More than 20 men who say they were harmed by AndroGel testosterone replacement therapy will face drugmaker AbbVie in trials scheduled through early next year.

In addition to two cases that are set to go before juries in May and June, a federal judge in Chicago set 19 trial dates for lawsuits involving AndroGel.

The cases are among more than pending 6,000 lawsuits that have been organized into a multidistrict litigation (MDL) being managed in the Northern District of Illinois. MDLs are how federal courts often handle large numbers of lawsuits involving similar issues and defendants. In this instance, the MDL involves men who say they were injured by testosterone replacement therapy.

Drugmakers Accused of Downplaying Risks

In general, men who filed the lawsuits accuse manufacturers of pushing the therapy for the natural signs of aging, while hiding or downplaying the serious, and potentially deadly, side effects.

The companies are accused of hyping a made-up condition, “Low T” or low testosterone when the treatments were approved only for a specific condition called hypogonadism.

Hypogonadism is when there is a problem in the testicles or parts of the brain that directs testosterone production.

AbbVie is named as a defendant in more than 4,000 cases. So far juries have handed up multimillion-dollar verdicts in favor of two men. Another jury ruled in favor of AbbVie.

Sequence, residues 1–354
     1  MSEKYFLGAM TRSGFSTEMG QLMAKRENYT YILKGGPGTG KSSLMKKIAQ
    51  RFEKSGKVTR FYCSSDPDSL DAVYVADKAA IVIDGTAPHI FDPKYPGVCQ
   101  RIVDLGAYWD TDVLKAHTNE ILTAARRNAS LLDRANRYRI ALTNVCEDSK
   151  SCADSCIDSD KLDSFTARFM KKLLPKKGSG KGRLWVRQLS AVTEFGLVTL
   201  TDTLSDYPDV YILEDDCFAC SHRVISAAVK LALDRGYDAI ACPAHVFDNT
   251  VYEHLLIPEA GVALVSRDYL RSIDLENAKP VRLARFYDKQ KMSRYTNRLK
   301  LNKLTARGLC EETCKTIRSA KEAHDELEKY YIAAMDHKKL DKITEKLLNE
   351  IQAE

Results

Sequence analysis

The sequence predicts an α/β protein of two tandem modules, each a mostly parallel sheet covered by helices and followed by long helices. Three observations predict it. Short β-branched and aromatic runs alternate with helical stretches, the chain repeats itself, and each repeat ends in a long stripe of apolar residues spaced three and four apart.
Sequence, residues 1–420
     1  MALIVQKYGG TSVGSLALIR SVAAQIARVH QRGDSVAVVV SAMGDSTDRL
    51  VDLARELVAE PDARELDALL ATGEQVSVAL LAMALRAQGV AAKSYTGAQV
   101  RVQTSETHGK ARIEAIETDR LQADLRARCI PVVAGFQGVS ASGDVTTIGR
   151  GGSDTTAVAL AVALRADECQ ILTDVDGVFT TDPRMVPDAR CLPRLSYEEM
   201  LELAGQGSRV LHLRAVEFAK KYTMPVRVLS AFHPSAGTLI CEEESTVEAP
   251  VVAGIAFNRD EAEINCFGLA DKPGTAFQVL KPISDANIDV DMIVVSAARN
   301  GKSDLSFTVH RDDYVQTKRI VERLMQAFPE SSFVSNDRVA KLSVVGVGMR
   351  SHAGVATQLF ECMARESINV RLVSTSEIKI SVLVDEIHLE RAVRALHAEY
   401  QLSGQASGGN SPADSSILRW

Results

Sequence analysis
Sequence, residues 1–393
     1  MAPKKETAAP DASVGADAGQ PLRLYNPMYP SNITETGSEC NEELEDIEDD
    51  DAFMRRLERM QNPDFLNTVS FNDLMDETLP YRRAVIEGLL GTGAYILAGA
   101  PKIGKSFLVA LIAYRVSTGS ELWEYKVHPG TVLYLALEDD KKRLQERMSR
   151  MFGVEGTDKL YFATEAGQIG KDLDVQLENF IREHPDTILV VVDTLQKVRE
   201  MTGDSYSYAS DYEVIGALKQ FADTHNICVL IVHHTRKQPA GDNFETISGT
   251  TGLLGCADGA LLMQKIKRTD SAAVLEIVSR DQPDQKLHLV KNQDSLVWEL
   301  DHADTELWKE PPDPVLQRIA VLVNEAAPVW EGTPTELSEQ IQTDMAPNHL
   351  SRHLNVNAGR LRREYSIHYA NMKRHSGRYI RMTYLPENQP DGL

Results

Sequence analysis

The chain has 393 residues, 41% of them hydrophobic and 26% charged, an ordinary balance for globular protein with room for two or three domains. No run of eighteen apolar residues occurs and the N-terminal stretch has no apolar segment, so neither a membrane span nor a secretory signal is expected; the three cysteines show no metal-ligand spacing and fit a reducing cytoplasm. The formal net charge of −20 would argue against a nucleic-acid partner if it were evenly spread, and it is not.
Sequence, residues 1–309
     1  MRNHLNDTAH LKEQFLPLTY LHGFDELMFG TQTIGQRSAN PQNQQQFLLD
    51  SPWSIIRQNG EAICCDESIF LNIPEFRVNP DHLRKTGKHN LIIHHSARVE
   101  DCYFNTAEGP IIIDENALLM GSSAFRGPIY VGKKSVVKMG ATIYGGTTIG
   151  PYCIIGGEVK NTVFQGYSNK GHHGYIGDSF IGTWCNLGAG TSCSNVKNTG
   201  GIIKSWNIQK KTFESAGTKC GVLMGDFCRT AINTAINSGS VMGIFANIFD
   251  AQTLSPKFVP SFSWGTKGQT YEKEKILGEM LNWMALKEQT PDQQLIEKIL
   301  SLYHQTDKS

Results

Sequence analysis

The next AbbVie case is set to start May 7. It involves Steven Myers, an application computer programmer at the University of Texas at Arlington. According to court documents, Myers was 61 when he was prescribed AndroGel “for symptoms he attributed to low testosterone after viewing (AbbVie’s) advertisements.” He later suffered a heart attack, which he blames on the treatment.

According to Myers’ lawsuit, he had no prior history of heart attack.

Another trial is scheduled to begin June 5. In that case, Robert Rowley of Utah alleges AndroGel caused his deep vein thrombosis (DVT), a blood clot in the deep veins of the body, typically the legs. According to court documents, Rowley filed suit in 2014 after suffering a DVT in April 2013. Then he suffered a second DVT in late 2015. He also blames the second DVT on AndroGel.

The first trial involving manufacturer Actavis is scheduled for August 6. Actavis makes Androderm.

Trials Expected to Guide Possible Settlements

These cases and the others that have been scheduled are referred to as bellwethers. These are cases selected to be representative of others. The idea is to try the bellwether cases first to give guidance on how pending lawsuits may be decided. This can assist in potential settlement negotiations.

These bellwether cases are proceeding even as parties in hundreds of other cases involving other drugmakers are working to reach settlements.

Eli Lilly and Co., Endo International, Auxilium Pharmaceuticals and GlaxoSmithKline have reached tentative global settlements with plaintiffs who used Axiron, Testim and other drugs.

Jurors in a trial involving Endo in November ruled in favor of the company. Endo makes Testim. Eli Lilly makes Axiron.

On April 9, U.S. District Judge Matthew F. Kennelly, who is overseeing the MDL, extended a previous deadline to give Endo, Auxilium and GSK until May 24 to work out the details of their settlement.

Kennelly entered an order on April 19 setting out a schedule for 19 more AndroGel cases to be tried before several different judges. Those trials are to commence from Oct. 2, 2018, to March 4, 2019.